While its per-capita income is very low compared to the better known countries (US$ 1,100 X 215 million persons before the 1997 Asian crisis. Now it is estimated to be half of that), a per capita is just a set of figures which, when Indonesia's national population is shrunken to Australian or Singaporean size and divided into the gross national product, its per-capita becomes very high, much higher than Australian or Singaporean figures.

Normal economic standards of figures like the per capita figures by themselves do not tell the whole story because they can be manipulated one way or the other. What is more significant and will carry the nation are the vast potentials the Indonesian nation can achieve, potentially on par with the U.S., Japan and China because it is after-all the world's 4th. largest populated nation of which 75% are under 30 years of age with a vast geography to match, vast natural resources, and vast collaterals deposited at foreign central banks.

To change from a centralized system to autonomous administration

Indonesia’s latest political developments after newly-elected President Gus Dur took over the government reigns, may eventually steer it to a semi federal system. First, in 1999 starting with “autonomy” for all its 26 provinces that may increase to more than the present 32; then “special autonomy” for some areas presently wracked with disturbances.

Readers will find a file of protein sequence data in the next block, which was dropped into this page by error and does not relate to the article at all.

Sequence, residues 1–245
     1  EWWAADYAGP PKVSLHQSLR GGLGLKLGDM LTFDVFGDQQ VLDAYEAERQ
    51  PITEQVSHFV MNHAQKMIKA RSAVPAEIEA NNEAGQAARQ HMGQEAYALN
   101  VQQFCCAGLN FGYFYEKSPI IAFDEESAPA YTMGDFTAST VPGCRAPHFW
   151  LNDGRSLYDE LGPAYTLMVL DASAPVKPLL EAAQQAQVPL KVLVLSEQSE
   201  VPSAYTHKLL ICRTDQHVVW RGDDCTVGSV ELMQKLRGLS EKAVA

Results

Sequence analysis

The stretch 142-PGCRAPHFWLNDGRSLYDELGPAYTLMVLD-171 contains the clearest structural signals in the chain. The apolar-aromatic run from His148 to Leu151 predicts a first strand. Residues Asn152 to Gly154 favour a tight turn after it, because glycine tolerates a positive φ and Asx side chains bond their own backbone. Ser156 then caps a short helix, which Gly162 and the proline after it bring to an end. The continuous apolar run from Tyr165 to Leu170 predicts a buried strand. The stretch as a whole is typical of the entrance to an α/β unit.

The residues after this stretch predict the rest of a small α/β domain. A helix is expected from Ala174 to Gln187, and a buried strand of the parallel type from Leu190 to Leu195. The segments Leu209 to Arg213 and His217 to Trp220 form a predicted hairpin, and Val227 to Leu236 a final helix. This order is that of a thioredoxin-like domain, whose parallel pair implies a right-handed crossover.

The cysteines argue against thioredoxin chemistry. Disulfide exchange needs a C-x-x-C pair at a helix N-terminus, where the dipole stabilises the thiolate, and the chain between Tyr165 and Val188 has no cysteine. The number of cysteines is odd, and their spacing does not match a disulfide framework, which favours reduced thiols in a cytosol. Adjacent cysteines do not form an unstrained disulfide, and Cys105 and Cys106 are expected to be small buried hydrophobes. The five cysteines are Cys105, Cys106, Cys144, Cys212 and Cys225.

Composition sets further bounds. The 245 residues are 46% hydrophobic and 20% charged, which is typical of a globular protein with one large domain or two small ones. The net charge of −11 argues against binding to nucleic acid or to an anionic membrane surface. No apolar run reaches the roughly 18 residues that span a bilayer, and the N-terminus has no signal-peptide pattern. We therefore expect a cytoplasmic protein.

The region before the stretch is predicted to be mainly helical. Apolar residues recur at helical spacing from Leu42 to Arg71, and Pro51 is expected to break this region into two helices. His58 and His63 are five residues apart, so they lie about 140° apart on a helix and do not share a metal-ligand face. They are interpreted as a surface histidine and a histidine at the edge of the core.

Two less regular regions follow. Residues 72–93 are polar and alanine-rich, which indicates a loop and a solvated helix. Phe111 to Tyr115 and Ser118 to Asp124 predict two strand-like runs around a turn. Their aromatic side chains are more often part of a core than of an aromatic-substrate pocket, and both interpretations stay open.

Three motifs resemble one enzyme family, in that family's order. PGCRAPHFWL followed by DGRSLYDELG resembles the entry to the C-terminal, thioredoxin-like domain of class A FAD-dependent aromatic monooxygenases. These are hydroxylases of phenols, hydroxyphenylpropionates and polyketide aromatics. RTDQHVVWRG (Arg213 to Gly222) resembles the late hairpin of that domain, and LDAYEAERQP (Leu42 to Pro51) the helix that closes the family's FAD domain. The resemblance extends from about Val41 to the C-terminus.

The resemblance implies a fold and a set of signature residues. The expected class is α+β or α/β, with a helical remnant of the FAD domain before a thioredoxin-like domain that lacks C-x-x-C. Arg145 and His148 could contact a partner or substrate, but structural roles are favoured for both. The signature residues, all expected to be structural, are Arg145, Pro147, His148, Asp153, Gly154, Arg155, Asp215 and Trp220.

When everyone psychologically comes to grips about accepting autonomy and the benefits the outlying areas has come to enjoy through its autonomy, it will then become a nation very much like the U.S.A. At one point in Indonesia’s history after it declared independence in 1945, Indonesia was called the United States of Indonesia, U.S.I., for less than a year until it was formally changed to a Republic.

Its past presidents from Kennedy onwards and other high officials of the western industrialized nations have always tried not to “upset” Indonesia as demonstrated in some articles here which quote their own words.

This included the U.S. outdistancing itself from combat duty in the Australian led Interfet adventure except for logistics. There were no fighter or stealth aircrafts, or bombs or missiles like that used in Kosovo, not even “stern warnings” when the U.S. Defence Secretary arrived in Jakarta.

These leaders who know what Indonesia is and what its natural potentials are, are unlike some journalists who say “shame on Indonesia”. And are unlike “experts” or even readers of Indonesian affairs expressing their opinions in the world media who have never stepped into the country. Nor even know where it is situated in the first place because of the after-thought blips on most world maps – and making comments which are many times so utterly ridiculous, that both Indonesians and expatriates who know better, laugh at their misconceptions and complete ignorance because they think Indonesia is some insignificant little island with no political clout in the middle of an ocean that is going around murdering its own people. These expatriates who live in Indonesia also express their ridicule of anti-Indonesia media articles in the local media.

Worse, reports demonstrating the simple-mindedness of its authors, are news printed in Australia shown in Jakarta on one of the 7 nationwide TV hourly “stop press announcements” on the 3rd. of November, 1999, alleging that authorities in west Timor are preventing east Timorese refugees from returning to their homes in east Timor.